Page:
Arcade Treasures also includes many popular titles from the mid-80's including the legendary Paperboy. This was a unique title which implemented the isometric Zaxxon perspective in a while new way. It seems cute on the surface, but requires a great deal of dexterity since you have to avoid obstacles and make good throws. This is a surprisingly good game even now, and remains quite addictive. Few players who experienced it in the arcades are likely to forget the timeless Marble Madness with it's unique, innovative graphics and brilliant score, this deceptively simple game still looks great these days, and remains just as challenging. The emulation is decent but unfortunately, the PS2 controller is decent but can't adequately recreate the original's brilliant track ball controls. Still, this remains one of the most innovative designs ever attempted and its genius means its gameplay holds up well these days. A true landmark in gaming history was the appearance of Gauntlet, which pioneered multiplayer action. While the simple, top-down graphics seem a bit dated these days, Gauntlet's addictive gameplay and clever puzzles are still quite appealing, though most players these days are likely to use the warp-gates to get to the later and more challenging levels. Of course, most gamers are likely to remember the legendary Gauntlet sounds bites like "Warrior Needs food… Badly!" and "Green Wizard is about to Die!"

Moving forward in time, this PS2 compilation includes a group of late 80's almost-classics such as Roadblasters, Rampart and Rampage. Roadblasters was a decent racing game, though it seems a bit slow these days but had some interesting play mechanics and power-ups to keep players happy. The strategy/action game Rampart was decent, though it seems a bit too simple these days. Rampage was a cool game which placed you in the role of a movie monster, smashing buildings, hitting airplanes and even eating people. It's a fairly simple game, but is still a lot of fun. Players who can remember a time before Tony Hawk's Pro Skater probably have fond memories of 720 degrees, a surprisingly good skateboarding game that did an excellent job of recreating a skating feel. With it's large levels and non-linear structure, 720 was far ahead of its' time and remains an exciting and entertaining title. The puzzle game craze of the late 80's led to a lot of Tetris clones, most of which are better left forgotten. While Klax wasn't the most original game on the market, its unique stacking system and pattern-rewards system made for an addictive and challenging game that has stood up well over the past decade or so since its release.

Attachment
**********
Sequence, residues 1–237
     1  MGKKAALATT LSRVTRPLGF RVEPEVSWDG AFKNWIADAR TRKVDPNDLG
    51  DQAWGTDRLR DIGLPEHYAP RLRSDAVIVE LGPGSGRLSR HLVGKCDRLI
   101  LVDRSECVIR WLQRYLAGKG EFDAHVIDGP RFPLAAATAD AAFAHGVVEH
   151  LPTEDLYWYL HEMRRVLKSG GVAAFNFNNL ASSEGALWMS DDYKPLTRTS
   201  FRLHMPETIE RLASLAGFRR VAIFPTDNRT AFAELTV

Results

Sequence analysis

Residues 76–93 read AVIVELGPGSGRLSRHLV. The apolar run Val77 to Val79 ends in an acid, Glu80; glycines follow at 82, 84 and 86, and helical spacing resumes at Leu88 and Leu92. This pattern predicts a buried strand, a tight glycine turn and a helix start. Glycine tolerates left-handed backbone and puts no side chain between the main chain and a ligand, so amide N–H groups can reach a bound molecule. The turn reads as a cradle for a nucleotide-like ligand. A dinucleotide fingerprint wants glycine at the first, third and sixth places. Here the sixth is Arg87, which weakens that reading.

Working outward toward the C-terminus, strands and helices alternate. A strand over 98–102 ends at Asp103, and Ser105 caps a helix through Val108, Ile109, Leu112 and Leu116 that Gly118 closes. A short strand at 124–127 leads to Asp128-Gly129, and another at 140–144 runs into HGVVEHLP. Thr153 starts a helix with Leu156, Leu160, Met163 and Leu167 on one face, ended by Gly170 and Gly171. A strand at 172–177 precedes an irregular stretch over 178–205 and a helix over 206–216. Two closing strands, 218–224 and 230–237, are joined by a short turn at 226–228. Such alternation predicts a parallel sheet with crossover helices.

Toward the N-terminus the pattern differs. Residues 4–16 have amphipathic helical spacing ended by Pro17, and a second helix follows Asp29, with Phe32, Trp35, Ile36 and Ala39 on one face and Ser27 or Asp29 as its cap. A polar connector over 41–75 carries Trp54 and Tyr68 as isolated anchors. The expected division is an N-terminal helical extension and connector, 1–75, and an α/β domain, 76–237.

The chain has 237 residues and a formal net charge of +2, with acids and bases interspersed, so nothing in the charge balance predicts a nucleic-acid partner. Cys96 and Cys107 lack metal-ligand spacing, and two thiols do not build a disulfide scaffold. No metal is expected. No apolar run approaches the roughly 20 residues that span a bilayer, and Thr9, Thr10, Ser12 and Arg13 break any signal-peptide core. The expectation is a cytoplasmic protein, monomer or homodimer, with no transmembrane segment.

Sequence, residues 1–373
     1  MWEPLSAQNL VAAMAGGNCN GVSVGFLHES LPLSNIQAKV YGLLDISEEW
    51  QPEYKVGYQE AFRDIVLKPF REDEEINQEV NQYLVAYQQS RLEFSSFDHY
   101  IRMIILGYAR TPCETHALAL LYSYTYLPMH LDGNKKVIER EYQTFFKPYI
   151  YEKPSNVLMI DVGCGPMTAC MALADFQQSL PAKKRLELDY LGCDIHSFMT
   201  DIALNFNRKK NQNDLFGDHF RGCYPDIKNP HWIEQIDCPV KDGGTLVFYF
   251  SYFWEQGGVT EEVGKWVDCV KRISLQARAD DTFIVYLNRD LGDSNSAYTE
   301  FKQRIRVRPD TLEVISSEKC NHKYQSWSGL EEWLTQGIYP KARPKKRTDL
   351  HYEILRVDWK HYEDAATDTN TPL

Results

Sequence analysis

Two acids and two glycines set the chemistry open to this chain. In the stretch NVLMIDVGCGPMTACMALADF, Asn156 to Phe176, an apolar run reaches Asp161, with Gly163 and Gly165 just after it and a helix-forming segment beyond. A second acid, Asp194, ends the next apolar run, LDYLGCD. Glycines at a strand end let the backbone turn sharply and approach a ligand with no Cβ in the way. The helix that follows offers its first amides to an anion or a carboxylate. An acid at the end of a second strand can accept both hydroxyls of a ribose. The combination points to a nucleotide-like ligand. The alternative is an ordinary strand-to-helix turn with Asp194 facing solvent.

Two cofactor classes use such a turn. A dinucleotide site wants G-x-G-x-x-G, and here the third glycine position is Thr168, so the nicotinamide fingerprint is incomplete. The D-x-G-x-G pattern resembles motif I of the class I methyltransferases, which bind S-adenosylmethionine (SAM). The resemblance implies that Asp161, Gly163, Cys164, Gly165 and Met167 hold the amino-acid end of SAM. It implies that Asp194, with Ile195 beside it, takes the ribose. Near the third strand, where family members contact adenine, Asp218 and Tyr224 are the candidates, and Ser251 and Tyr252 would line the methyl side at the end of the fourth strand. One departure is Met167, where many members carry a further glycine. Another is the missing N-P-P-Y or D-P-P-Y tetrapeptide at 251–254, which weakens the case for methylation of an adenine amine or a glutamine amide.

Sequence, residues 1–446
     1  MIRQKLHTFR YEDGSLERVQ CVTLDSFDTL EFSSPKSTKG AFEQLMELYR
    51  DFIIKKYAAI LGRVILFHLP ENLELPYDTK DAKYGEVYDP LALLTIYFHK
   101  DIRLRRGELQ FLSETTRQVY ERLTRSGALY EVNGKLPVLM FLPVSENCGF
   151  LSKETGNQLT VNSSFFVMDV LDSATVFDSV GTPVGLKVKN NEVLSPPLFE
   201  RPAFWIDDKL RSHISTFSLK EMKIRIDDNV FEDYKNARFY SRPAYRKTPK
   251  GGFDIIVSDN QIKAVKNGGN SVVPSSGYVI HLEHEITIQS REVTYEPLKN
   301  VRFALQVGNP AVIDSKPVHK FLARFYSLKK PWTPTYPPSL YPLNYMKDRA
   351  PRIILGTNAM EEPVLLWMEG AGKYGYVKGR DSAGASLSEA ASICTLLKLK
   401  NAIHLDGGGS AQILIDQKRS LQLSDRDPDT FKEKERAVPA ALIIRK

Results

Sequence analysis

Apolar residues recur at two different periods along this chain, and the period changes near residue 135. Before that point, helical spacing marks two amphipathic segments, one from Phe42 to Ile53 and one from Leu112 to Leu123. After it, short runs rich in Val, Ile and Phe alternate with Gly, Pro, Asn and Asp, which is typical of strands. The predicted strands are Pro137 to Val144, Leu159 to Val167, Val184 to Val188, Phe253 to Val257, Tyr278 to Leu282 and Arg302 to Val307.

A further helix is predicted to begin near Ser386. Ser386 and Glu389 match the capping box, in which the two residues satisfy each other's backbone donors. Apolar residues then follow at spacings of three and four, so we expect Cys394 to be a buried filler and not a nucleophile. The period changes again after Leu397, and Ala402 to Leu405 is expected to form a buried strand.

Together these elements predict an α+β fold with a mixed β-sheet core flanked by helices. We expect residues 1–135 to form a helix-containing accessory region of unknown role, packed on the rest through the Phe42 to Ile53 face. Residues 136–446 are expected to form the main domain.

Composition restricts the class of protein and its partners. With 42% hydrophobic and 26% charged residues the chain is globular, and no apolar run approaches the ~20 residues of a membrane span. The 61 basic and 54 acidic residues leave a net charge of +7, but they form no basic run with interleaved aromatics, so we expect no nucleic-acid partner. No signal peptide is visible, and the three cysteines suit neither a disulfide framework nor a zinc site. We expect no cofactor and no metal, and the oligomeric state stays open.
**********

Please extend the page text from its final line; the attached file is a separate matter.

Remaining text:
The racing game Toobin' was a decent title, that challenged players to steer a character in a rubber tube down a stream, while avoiding obstacles. The game's clever control scheme is adequately reproduced using the PS2's shift buttons, and the simultaneous competition with another player makes for an exciting and fun game. Another solid entry is the tank combat title Vindicators, which had clever graphics and lots of action. Like Toobin', Vindicators had a unique control scheme where you could move each tank tread separately, though there's a lot more shooting as you try and defeat enemies. Based on Atari's classic 70's black and white racing title, Super Sprint takes the simple gameplay to the next level with power-ups, hidden paths and great animation that makes for an exciting and instantly accessible racing experience. One of the best titles on the compilation is Smash TV which was the unofficial sequel to Robotron and placed the action in a futuristic game show. The contestants were fighting for their lives, while adding numerous power-ups and extras. The connected rooms and boss confrontations definitely added to the experience. Once again, the dual shock controller works well at reproducing the arcade game's controls, but the PS2's emulation isn't perfect. Unfortunately, Smash TV suffers from significant slowdown in this emulation, which really hurts the gameplay and is highly disappointing.

Midway Arcade Treasures offers a broad selection of the company's biggest 80's hits, and offers some decent extras that should please gamers looking for more background information on some of these classic titles. Players can click on the history icon and see short films of the developers talking. These are all interesting and informative, but the video quality is a bit poor, since many of these interviews have been recycled from earlier compilations. This is disappointing and the small-sized grainy video windows make it difficult to see facial expressions and movements. There is also a gallery where you can view cabinet artwork, promotional flyers and informational text on the games. The information is interesting, but some games lack background information, particularly later releases, which is definitely disappointing. Still, the games are the main attractions, and while the sound quality on some games is disappointing, the visuals are much improved from the PS1 editions and take full advantage of the PS2's higher resolution with easier-to-read scores and text making for a much smoother look. Overall, Midway Arcade Treasures isn't without faults, but is still a solid compilation for the most part and definitely worth the money for nostalgic gamers.